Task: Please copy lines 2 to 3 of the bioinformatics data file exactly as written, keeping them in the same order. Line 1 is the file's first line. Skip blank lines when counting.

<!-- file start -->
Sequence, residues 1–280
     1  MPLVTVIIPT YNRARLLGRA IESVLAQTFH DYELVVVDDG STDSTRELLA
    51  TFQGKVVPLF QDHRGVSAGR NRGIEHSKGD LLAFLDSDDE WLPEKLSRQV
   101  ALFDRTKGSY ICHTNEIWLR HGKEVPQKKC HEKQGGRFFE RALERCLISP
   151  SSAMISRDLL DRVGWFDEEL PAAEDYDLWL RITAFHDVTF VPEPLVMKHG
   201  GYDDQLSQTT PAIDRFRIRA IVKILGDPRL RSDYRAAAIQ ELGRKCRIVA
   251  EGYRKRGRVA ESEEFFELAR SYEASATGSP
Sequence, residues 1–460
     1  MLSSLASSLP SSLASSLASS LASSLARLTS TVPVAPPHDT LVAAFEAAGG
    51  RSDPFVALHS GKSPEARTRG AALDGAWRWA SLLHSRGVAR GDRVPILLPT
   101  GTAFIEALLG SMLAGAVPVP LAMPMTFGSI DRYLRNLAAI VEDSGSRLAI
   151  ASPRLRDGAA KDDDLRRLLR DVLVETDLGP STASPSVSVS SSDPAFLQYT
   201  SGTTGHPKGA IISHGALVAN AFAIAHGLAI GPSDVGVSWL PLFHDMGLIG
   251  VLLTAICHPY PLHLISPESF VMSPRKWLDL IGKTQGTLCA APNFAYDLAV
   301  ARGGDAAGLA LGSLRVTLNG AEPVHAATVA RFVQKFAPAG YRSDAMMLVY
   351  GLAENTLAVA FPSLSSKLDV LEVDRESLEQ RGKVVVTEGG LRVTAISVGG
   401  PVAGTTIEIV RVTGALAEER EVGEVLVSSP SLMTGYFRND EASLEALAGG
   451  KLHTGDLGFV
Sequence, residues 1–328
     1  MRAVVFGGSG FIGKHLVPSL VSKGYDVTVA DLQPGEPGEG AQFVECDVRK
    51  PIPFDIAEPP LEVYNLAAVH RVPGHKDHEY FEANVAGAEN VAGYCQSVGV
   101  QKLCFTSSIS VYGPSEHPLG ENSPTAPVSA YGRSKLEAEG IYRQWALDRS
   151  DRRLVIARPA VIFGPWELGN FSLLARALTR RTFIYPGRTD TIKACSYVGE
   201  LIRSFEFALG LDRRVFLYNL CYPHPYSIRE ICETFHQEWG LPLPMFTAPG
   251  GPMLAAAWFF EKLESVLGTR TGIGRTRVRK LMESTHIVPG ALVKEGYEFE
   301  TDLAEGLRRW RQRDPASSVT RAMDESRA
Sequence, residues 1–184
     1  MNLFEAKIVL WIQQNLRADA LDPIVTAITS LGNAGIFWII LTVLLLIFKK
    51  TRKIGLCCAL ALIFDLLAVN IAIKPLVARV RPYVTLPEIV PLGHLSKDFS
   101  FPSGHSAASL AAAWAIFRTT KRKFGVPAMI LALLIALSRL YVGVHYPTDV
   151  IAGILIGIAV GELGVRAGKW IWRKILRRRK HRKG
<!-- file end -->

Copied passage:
     1  MPLVTVIIPT YNRARLLGRA IESVLAQTFH DYELVVVDDG STDSTRELLA
    51  TFQGKVVPLF QDHRGVSAGR NRGIEHSKGD LLAFLDSDDE WLPEKLSRQV